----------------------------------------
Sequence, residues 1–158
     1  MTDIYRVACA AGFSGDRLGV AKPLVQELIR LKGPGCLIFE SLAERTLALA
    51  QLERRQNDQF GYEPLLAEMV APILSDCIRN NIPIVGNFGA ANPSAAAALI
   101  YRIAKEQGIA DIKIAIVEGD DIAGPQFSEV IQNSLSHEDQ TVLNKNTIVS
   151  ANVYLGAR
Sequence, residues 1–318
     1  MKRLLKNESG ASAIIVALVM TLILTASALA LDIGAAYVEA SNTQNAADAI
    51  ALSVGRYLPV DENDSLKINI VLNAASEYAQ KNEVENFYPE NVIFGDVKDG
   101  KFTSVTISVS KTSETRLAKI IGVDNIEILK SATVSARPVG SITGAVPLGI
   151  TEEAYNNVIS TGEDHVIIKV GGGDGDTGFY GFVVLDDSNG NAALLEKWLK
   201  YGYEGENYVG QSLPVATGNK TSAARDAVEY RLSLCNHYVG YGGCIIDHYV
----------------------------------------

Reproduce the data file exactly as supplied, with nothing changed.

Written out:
Sequence, residues 1–158
     1  MTDIYRVACA AGFSGDRLGV AKPLVQELIR LKGPGCLIFE SLAERTLALA
    51  QLERRQNDQF GYEPLLAEMV APILSDCIRN NIPIVGNFGA ANPSAAAALI
   101  YRIAKEQGIA DIKIAIVEGD DIAGPQFSEV IQNSLSHEDQ TVLNKNTIVS
   151  ANVYLGAR
Sequence, residues 1–318
     1  MKRLLKNESG ASAIIVALVM TLILTASALA LDIGAAYVEA SNTQNAADAI
    51  ALSVGRYLPV DENDSLKINI VLNAASEYAQ KNEVENFYPE NVIFGDVKDG
   101  KFTSVTISVS KTSETRLAKI IGVDNIEILK SATVSARPVG SITGAVPLGI
   151  TEEAYNNVIS TGEDHVIIKV GGGDGDTGFY GFVVLDDSNG NAALLEKWLK
   201  YGYEGENYVG QSLPVATGNK TSAARDAVEY RLSLCNHYVG YGGCIIDHYV